During the 90s and early 00s, the influx of money into the Premier League had led to a whole new era of footballing celebrities. The young stars were suddenly earning figures that had seemed completely impossible and it shot them into the public spotlight. Unfortunately, for these young men, there were consequences of this new found fame.
For many, they were depicted in the media as stupid party boys, who had no control on their spending and would often be reported to have gotten into trouble off the pitch. There was a drinking culture ingrained into the English game and players were too often derided with jibes from the tabloids, questioning their intelligence based on drunken actions.
Frank Lampard wasn’t quite cut from the same cloth. Although he was part of a drunken group of Chelsea players near Heathrow Airport on the day of the 9/11 attacks, incidents surrounding the England star are few and far between. He has always shown a level of intelligence far above not just his peers but that of a general population, and his schooling has allowed him to flourish on and off the pitch.
He may be the exception to the rule, but Lampard’s intelligence made him stand out. Bryan English, Chelsea’s former club doctor could not believe how clever the England midfielder was after an intelligence test in 2009. "Frank Lampard scored one of the highest sets of marks ever recorded by the company doing the tests. And higher than me."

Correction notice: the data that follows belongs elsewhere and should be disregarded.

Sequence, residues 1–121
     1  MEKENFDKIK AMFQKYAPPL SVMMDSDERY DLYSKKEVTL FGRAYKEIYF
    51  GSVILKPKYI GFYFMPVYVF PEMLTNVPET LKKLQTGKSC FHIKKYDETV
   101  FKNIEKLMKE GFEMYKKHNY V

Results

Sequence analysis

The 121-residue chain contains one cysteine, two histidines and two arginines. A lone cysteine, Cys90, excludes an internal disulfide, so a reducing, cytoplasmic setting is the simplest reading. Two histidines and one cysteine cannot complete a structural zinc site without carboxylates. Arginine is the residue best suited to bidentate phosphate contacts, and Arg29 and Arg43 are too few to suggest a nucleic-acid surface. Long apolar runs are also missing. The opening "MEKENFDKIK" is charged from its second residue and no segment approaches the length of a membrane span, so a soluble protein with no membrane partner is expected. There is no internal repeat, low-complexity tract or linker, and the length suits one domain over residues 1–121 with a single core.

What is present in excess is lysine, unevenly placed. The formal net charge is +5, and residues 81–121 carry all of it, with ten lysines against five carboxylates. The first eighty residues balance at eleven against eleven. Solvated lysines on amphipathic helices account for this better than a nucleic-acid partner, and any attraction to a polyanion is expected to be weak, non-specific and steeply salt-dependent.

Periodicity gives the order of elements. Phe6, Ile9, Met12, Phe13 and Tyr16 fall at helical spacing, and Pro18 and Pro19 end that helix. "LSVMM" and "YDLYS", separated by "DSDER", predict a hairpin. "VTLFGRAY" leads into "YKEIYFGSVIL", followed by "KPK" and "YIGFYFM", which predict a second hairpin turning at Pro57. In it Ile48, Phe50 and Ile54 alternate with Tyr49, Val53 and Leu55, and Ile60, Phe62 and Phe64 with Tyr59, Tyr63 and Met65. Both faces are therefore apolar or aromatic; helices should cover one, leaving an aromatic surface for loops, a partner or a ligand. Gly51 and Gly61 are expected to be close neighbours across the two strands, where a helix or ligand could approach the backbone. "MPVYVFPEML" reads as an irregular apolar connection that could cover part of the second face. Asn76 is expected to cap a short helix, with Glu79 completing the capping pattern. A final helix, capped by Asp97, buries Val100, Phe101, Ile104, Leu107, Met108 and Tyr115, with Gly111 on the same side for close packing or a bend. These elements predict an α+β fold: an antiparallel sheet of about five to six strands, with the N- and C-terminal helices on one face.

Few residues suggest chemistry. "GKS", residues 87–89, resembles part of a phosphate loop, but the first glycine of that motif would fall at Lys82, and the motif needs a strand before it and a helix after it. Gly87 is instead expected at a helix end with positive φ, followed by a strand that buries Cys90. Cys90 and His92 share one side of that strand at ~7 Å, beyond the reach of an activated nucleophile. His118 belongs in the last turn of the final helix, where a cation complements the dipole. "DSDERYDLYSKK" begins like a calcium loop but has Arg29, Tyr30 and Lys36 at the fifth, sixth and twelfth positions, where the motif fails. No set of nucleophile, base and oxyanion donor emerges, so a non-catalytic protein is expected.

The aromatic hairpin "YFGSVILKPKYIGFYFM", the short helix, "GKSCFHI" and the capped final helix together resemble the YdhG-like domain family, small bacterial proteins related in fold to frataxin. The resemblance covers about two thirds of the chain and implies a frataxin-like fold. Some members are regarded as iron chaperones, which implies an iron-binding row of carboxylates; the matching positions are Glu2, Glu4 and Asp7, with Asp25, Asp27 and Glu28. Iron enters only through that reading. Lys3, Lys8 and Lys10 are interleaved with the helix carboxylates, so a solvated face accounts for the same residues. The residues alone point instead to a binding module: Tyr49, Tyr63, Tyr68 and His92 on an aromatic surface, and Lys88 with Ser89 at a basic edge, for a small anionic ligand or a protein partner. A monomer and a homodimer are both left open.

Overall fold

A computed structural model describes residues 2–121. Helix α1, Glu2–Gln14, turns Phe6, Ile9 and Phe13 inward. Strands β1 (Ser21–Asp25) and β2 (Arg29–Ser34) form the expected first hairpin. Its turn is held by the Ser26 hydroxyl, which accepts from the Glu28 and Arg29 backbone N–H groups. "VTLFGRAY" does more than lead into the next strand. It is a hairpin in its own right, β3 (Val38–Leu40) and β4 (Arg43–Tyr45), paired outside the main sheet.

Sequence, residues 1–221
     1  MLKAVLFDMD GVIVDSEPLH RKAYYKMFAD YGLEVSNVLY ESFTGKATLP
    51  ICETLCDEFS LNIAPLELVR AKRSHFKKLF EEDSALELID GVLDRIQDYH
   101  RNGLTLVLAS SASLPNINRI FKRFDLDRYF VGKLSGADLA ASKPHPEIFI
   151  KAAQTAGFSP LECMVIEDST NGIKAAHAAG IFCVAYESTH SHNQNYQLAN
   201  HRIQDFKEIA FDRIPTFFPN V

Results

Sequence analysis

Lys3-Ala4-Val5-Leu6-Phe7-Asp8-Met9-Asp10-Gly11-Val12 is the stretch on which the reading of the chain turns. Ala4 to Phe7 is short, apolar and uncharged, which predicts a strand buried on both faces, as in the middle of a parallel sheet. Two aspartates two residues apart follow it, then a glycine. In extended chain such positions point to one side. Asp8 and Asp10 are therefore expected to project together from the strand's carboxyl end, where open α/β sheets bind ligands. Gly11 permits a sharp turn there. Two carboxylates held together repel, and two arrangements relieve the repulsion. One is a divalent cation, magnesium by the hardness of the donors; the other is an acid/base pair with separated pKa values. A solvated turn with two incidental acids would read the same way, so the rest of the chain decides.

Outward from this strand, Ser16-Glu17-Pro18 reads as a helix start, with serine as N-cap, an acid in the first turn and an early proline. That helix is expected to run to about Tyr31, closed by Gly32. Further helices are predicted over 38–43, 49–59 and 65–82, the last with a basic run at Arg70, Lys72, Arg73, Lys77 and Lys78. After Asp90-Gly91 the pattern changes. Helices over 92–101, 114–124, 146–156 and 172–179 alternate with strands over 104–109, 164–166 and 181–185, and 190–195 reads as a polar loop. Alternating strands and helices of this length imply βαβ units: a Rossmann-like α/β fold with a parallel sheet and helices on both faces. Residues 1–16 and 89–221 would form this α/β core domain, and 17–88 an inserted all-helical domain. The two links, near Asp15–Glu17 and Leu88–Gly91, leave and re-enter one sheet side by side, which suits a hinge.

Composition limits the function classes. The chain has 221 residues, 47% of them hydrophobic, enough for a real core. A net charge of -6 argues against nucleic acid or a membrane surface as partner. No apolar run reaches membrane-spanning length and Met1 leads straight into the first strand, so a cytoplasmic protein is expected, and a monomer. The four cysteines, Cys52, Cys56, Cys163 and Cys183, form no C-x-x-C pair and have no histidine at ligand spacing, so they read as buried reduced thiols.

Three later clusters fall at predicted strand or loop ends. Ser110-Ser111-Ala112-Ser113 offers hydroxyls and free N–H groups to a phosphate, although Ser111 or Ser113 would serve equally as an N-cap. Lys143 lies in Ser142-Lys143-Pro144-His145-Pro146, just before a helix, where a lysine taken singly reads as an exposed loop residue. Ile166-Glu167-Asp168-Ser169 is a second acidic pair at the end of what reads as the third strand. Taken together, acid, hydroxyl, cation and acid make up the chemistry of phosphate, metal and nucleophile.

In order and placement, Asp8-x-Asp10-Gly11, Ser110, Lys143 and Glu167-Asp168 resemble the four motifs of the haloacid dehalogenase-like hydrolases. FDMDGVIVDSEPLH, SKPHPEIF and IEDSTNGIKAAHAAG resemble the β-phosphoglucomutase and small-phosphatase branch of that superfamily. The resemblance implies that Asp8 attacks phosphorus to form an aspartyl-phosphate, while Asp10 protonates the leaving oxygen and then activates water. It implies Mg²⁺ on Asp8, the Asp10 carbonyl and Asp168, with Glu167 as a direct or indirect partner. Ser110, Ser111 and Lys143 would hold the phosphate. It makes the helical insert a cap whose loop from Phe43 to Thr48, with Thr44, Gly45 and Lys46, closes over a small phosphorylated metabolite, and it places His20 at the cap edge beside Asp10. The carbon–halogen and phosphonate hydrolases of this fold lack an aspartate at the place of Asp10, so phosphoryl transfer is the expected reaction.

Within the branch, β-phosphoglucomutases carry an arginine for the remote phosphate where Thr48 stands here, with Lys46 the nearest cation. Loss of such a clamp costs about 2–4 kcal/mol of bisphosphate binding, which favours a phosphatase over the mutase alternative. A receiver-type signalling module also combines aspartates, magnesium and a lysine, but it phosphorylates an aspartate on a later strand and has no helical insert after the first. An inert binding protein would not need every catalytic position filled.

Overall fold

Perhaps that shouldn’t have come as a surprise. It’s well known that Lampard has a Master's Degree in Latin and bagged 12 GCSEs at A or A*, all on his journey to becoming one of the finest midfielders the Premier League has ever seen.
His intelligence may have separated him from his colleagues, but it also allowed him to stand out on the football pitch. 177 Premier League goals came as a result of his smart movement and his timing of runs into the box, while his work-rate and dedication to improving his game allowed his career to flourish for two decades.
His standing also made him a leader in the dressing room from a young age. Along with John Terry, the club had two England players who would steer them to success. Just like Terry, Lampard flourished under several elite managers and won every trophy there was to win in the club game.
The Champions League win in 2012 was arguably the pinnacle of his career, but as he performed so well for so many managers, he had the awareness to pick up on some of their best managerial traits. Jose Mourinho, Carlo Ancelotti and Rafa Benitez all loved Lampard, and imparted some of their best traits onto the influential midfielder.
Now having recently proved his own managerial qualities, he has the respect of any player he takes under his wing. For what he has achieved in the game and could still achieve, and for being a truly intelligent Premier League footballer, Lampard goes down as a true great.